By The Glass
Wednesday, June 19, 2002
Several nights ago I tried what I think may be the first true crossover sake to reach America. By "crossover" I mean a sake of such delicacy and charm that even flinty burgundy-sippers light up with a smile at first sip.
Elegant sake is well
worth the wait
It comes from Uchigasaki Brewing Co., founded 340 years ago in Miyagi Prefecture. Located in one of the finest rice-growing areas in Japan, and blessed with abundant, soft spring water, the brewery produces light, delicate, tenderly crafted sakes under its "Hoyo" label.
What makes this sake so special is the new rice strain, Kura no Hana (Flower of the Brewery), from which it is made. Just as vintners strive to create new grape varieties, brewers in Japan work to develop new rice strains. Work began on Kura no Hana 16 years ago, in a partnership between the Miyagi prefectural government and the brewer's association. What they sought was a brewing rice that would produce an elegant sake with a gracious aroma that complements food well.
Ten years after research began, the first bottling appeared, under the label of the Furukawa Agricultural Research Section. Uchigasaki was one of the first commercial breweries to work with the new strain, and released its Hoyo "Kura no Hana" daiginjo two years ago. It was first introduced with a polishing ration of 40 percent (60 percent of the rice polished away), but this bottling was deemed a bit faint and the ratio was dropped back to 45 percent this year, giving the sake more body and cohesion while sacrificing nothing in the way of aroma, flavor and balance.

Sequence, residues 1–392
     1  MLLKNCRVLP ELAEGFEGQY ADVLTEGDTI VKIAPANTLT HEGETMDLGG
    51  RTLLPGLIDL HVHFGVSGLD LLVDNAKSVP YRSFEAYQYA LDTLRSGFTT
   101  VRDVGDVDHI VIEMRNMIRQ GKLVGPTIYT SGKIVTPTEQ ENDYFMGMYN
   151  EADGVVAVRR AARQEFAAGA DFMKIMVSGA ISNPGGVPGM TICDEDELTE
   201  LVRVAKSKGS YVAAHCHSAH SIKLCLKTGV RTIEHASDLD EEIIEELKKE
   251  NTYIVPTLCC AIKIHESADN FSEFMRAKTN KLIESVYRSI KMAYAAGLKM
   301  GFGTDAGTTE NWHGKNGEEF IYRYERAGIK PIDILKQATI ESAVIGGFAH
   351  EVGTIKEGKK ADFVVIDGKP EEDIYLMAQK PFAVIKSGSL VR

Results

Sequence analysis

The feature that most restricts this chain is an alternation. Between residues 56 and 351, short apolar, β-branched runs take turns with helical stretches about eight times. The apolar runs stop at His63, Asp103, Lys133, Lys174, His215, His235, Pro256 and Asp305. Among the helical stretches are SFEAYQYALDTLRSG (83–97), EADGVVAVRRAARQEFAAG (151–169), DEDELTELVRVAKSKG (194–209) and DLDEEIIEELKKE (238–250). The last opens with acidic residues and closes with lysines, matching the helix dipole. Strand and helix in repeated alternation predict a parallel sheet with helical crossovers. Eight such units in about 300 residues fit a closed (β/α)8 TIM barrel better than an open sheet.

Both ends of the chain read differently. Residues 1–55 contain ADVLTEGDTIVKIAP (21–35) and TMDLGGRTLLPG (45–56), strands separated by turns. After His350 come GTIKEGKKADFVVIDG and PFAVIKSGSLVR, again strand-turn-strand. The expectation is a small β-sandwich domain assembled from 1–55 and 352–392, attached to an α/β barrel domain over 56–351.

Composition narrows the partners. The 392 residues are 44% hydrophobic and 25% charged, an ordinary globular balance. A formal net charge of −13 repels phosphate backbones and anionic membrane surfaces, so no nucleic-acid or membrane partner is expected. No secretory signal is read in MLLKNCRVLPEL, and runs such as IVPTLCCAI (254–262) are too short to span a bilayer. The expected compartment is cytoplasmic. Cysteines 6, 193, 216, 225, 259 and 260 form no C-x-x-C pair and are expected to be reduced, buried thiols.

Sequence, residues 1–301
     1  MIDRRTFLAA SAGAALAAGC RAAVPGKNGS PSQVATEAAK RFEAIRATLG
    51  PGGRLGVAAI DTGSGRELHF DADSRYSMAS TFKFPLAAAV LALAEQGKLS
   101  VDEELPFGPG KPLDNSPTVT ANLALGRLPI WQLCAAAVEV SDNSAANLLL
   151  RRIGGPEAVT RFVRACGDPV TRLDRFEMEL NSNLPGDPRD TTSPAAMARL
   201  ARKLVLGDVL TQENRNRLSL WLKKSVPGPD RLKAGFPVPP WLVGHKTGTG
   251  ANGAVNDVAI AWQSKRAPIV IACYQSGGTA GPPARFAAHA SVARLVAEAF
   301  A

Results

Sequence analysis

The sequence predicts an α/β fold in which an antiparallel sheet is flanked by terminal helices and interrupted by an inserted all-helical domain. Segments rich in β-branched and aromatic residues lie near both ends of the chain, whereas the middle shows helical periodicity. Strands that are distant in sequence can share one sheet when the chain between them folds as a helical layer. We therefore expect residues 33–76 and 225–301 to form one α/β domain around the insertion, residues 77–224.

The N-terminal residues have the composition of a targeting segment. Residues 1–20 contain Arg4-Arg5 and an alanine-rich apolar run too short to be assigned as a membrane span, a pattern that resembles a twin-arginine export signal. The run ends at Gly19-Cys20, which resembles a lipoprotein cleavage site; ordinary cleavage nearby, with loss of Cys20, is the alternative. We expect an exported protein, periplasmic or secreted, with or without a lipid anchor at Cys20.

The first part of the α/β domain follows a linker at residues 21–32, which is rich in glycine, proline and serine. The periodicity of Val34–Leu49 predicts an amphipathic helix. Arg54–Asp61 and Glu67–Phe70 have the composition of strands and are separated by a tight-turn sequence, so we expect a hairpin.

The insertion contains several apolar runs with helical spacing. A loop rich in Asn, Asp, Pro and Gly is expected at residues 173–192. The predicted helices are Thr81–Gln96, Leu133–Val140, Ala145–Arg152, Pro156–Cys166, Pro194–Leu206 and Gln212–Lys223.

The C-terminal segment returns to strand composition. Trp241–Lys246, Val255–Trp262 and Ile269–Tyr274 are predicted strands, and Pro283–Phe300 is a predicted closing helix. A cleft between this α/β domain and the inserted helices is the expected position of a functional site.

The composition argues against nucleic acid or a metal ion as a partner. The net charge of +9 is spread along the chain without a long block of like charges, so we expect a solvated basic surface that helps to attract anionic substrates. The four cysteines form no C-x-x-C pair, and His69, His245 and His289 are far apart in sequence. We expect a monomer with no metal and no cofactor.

Another factor in this year's success was the weather. The main fermentation process, or shikomi, takes about three weeks, and the brewery started in on Kura no Hana right after New Year's, when the weather was sharp and cold. Just as fermentation was completed and the pasteurized pressings transferred to tanks for storage, the weather turned warm, to the detriment of the sakes that came after. "If we'd waited two weeks before starting in," the brewery's owner, Ken Uchigasaki, told me recently, "we never would have got it right."
Only one vat of Kura no Hana daiginjo was made this year. Instead of being siphoned into a tank after pressing for aging, the contents were transferred to 1.8 liter bottles and kept in cold storage. When an order comes in, the sakes are transferred by hand to 15-ounce bottles, pasteurized and then shipped via refrigerated container to Hawaii. Few, if any, breweries in Japan exhibit this level of care in preparing their sakes for export.
What does it taste like? "If sakes were people," one enthusiast commented recently, 'Kura no Hana' would be a young girl playing gaily in a meadow." It is almost transparently light, with winsome natural sweetness and innocent grace that are irresistible. Its delicious aroma, with a faint touch of anise, makes it a lovely companion to salads or light seafood dishes, but it also tastes wonderful just by itself.
Hoyo "Kura no Hana" can be found at several sake specialty restaurants around town, including Furusato Japanese Restaurant in Waikiki, and at Fujioka's Wine and Spirits in Kaimuki. The total overseas allocation is about 20 cases a month.
Chris Pearce is Chris Pearce is a founding director of the International Sake Association.
This column is a weekly lesson in wine
pairing written by a rotating panel of wine professionals.
Write to email@example.com